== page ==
An Interview with Ruby Diebold

November 30, 1969

Ruby Diebold is about 45 years of age. She is of Seneca-Cayuga descent and a prominent leader in the tribe. She is an expert in the language and is now conducting a class at the Seneca Indian School at Wyanootte, Oklahoma on the Seneca language. Mrs. Diebold is the leader of the ceremonial committee, having inherited this position from her mother. She is very active as a leader of the “Pot Hangers” and both she and her brother, Robert White, who is assistant ceremonial chief, have visited the New York Seneca reservations to brush up on the history and language of the Seneca tribe.



(This is Velma Neiberding. I am at the home of Mrs. Ruby Diebold, a prominent leader of the Seneca-Cayuga tribe. She recently returned from New York, from the Seneca reservation — the Six Nations Reservation, it’s called in Canada. She is an expert in the language—interpreter for her tribe and presently is conducting a class in Seneca-Cayuga language. Today is November 30, 1969.)


What is your name?

My name is Ruby Diebold.


What is your tribe?

I am a member of the Seneca-Cayuga tribe. My mother’s name was Amanda White Wing Turkey.



She was the leader of the ceremonial committee of the Seneca-Cayuga tribe. And she passed away on June 1, 1951 and from that time to this date, I have been as hereditary privilege in her position as the ceremonial leader of the Seneca-Cayuga tribe up to now. The ceremonial committee of this Seneca-Cayuga tribe are—consists of six men and six women and they participate in the religious part or tradition — age old tradition of the Seneca tribe. We have–in the beginning–the spring of the year, we have the Sun Dance. Which at that time we give thanks to our Creator for the beginning of the spring season, for the sunlight, the growth of vegetation, the fertility of all animals and in fact, it is a worship to God for creation of everything he put on this earth, and as well as our spiritual well-being and all. And then we have the Strawberry Dance which we give thanks to God for our first fruit of the season—we use the wild strawberries. Again, we thank God in our own way as God gave us as Indians to worship Him in our language for what He has given us. Then we come to the month of July, we have the Blackberry Dance–we honor the moon at that time. Because God created the moon to watch over us at night. And as the dew is spread on the ground to dampen the earth for us, and the stars that shine at night, also. We give our thanks to Him for those things in the month of July. Yes, that is ourgrandmother the moon, which we call Tse-sute (?). Then comes the month of August when we have our annual Thanksgiving—in the white man’s language and to us it is the same, or the harvest of the crops that we have asked God to bless us with for the spring of the year. And that includes also, the naming of the babies of Indian heritage. And they are christened with an Indian name, which they carry all through their life. But in the Indian ways, they also have a clan, belonging to some fur-bearing animal or bird.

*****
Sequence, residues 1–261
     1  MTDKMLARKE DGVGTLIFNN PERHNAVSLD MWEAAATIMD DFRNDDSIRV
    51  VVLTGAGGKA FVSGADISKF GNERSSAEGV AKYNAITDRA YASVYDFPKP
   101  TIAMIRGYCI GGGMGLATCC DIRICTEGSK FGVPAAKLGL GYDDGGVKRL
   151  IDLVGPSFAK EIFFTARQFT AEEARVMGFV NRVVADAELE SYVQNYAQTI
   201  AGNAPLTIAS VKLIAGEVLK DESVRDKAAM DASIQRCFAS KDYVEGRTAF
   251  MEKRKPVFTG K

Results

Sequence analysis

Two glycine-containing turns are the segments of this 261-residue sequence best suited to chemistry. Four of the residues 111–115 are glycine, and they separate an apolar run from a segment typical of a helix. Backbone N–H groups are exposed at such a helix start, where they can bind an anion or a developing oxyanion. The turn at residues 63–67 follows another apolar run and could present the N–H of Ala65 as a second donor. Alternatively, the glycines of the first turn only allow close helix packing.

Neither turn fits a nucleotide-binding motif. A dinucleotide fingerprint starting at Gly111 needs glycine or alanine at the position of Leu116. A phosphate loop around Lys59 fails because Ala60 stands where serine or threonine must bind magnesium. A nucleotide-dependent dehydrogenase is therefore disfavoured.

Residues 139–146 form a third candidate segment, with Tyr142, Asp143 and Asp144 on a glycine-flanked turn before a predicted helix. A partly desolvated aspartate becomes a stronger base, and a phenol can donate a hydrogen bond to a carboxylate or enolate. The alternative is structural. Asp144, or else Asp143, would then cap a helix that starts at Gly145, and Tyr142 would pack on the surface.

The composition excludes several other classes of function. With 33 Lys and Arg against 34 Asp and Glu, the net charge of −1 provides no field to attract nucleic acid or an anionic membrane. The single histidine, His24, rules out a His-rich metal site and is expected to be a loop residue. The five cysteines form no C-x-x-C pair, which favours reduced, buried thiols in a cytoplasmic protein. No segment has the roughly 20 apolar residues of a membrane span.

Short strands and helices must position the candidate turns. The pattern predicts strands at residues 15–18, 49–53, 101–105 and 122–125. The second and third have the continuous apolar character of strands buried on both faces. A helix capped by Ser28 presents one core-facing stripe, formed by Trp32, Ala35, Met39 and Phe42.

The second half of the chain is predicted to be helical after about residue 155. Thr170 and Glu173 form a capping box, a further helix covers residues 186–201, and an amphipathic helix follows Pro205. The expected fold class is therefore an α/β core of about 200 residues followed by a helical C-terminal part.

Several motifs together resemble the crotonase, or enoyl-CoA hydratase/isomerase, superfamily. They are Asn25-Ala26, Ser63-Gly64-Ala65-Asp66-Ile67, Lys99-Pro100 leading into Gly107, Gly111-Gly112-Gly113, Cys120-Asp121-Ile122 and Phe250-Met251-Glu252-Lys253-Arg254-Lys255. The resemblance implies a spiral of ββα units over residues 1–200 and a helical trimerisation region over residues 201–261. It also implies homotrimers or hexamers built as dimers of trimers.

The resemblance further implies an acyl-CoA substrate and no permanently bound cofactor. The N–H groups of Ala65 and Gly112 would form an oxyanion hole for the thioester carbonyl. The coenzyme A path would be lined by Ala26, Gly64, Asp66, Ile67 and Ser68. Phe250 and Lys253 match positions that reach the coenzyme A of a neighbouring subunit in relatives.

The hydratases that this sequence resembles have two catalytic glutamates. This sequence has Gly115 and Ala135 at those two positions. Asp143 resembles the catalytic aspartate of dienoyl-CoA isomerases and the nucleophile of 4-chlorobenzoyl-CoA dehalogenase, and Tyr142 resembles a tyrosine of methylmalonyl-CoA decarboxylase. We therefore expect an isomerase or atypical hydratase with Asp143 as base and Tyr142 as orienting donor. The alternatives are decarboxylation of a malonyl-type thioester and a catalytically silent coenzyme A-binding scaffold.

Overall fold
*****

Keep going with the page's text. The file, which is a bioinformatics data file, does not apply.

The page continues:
The clans are the — on the north side, would be the Turtle, and the Snake, and, the Beaver, the Wolf, which can go either way, north or south. For the south side, it is the Deer, the Snipe, and the Bear on the south side.